We have all seen the impacts of CV-19 and experienced the required “stay at home” mitigation. Some cities have been more compliant than others regarding the stay at home requirements. Although not all cities have a stay at home implementation, it’s interesting to compare the 50 top US cities and see which have been the most effective.
One way to measure this effectiveness is to look at session data from public WiFi locations. Most public hotspot locations with free public WiFi were selected due to the fact that people tended to congregate at these sites. Changes in the amount of sessions can serve as an informal indicator for decreases in public traffic at these locations.
Courtesy of the anonymized session count data provided by Denis Sklyarov CEO and the team at WiFi Map, we looked at session counts from the top 50 US cities for Feb, March, and April (data was inclusive until 4/22 and estimated for the last 8 days of the month). WiFi Map has over 100 million accessible free WiFi locations in its worldwide database.
Using the anonymized session data, we developed trend lines for the negative changes as a result of the CV-19 stay at home mandates. Figure #1 highlights the 5 largest US cities.
As you can see. all the cities experienced a major decline in session counts with Houston having the steepest drop (highest negative slope).
Using this same methodology, we developed trend lines for all of the top 50 US cities. Fig #2 compares the Top 5 cities for the most session decrease change and the Bottom 5 cites for the least session decrease change.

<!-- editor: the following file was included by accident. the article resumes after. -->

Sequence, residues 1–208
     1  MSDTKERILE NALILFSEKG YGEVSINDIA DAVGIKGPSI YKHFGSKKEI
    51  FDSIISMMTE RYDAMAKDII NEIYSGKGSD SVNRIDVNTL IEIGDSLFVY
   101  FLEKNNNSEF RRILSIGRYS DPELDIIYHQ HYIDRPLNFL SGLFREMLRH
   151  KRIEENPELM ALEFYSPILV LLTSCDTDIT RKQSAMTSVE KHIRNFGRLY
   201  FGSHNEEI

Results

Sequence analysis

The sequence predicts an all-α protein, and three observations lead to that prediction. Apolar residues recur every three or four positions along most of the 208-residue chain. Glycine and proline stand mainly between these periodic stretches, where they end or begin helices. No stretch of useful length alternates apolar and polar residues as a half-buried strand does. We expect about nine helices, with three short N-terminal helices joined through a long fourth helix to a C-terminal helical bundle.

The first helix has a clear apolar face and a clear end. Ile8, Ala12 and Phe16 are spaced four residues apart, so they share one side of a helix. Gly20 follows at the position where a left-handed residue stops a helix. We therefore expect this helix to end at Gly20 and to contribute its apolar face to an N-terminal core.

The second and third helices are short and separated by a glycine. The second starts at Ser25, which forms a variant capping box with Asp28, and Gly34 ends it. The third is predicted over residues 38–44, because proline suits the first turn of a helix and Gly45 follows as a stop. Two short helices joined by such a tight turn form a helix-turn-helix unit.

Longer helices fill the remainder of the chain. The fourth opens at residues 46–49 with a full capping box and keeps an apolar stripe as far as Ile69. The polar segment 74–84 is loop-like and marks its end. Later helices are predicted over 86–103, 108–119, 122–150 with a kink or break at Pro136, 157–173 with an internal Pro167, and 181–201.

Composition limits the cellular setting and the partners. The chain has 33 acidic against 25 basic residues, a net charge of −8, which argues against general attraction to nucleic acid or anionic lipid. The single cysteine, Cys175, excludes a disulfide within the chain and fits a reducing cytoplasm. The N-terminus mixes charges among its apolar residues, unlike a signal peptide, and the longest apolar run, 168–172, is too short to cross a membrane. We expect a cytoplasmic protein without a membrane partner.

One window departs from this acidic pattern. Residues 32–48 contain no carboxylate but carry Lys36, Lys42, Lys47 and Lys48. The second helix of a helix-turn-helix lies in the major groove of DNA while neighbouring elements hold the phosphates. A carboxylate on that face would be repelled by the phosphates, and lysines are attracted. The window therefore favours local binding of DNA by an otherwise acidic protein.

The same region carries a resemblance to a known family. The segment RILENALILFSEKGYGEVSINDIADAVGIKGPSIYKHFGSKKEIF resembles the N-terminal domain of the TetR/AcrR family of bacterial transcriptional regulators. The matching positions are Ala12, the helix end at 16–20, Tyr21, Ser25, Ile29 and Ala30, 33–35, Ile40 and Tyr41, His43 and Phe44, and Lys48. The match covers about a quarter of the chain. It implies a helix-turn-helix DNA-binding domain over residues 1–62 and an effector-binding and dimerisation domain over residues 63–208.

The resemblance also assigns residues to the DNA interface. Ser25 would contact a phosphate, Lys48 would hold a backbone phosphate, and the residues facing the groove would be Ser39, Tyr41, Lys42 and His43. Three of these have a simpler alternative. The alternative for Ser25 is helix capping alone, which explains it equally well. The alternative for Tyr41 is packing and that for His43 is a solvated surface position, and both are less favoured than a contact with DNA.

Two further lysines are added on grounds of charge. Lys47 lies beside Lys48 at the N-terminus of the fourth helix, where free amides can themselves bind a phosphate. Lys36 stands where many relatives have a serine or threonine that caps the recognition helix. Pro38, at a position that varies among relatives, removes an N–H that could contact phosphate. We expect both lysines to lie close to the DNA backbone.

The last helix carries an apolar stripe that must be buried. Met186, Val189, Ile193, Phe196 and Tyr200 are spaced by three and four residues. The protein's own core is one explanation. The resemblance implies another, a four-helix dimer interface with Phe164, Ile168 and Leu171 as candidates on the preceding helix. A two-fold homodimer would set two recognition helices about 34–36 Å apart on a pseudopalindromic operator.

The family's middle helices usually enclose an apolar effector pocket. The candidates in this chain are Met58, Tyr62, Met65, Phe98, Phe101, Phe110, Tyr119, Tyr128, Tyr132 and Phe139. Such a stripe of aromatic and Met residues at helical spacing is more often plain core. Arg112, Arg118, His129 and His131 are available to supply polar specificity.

As you can see, Houston, Las Vegas and New York experienced the greatest change during this period. El Paso, Long Beach, and Milwaukee experienced little change in reporting public WiFi locations.
Looking at the top 50 US cities, we developed a trend line for each one. Using this trend line, we computed the slope of this trend line. The higher the “negative” slope value, the greater the decrease in the number of sessions per month. A slope of zero would indicate no change in the number of sessions over the 3-month period. Fortunately, all cities did have some degree of decrease. Figure #3 stack ranks the largest 50 US cities by negative slope.
The data suggests that some cities have been more compliant with the stay at home directive than others. Certainly, there are many other factors that impact the stay at home compliance but it’s interesting to use this data as a potential means of comparing cities. Cell phone usage is certainly a more extensive way to analyze the impacts, but this information can also help provide another view.
Ron Angerame is an independent WiFi consultant. He can be reached at email@example.com
Denis Sklyarov is CEO at WIFI Map. He can be reached at firstname.lastname@example.org. To learn more about WiFi Map go to wifimap.io.